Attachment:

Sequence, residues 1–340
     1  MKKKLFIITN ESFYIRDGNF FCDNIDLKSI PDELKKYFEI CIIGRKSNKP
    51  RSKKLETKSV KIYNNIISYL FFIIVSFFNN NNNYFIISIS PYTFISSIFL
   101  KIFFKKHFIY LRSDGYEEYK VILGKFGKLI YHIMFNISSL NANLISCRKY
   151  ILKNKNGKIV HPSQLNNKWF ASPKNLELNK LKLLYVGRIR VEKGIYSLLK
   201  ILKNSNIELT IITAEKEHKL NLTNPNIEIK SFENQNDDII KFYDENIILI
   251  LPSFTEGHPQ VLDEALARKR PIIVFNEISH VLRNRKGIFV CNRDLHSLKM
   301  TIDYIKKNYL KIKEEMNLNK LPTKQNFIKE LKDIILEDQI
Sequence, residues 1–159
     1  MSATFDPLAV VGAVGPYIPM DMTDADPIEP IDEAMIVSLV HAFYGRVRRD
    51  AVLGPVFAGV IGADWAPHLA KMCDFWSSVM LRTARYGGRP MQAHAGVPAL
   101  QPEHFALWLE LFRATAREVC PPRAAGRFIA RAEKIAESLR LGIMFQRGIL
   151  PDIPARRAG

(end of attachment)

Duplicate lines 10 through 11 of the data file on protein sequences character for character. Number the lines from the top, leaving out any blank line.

     1  MSATFDPLAV VGAVGPYIPM DMTDADPIEP IDEAMIVSLV HAFYGRVRRD
    51  AVLGPVFAGV IGADWAPHLA KMCDFWSSVM LRTARYGGRP MQAHAGVPAL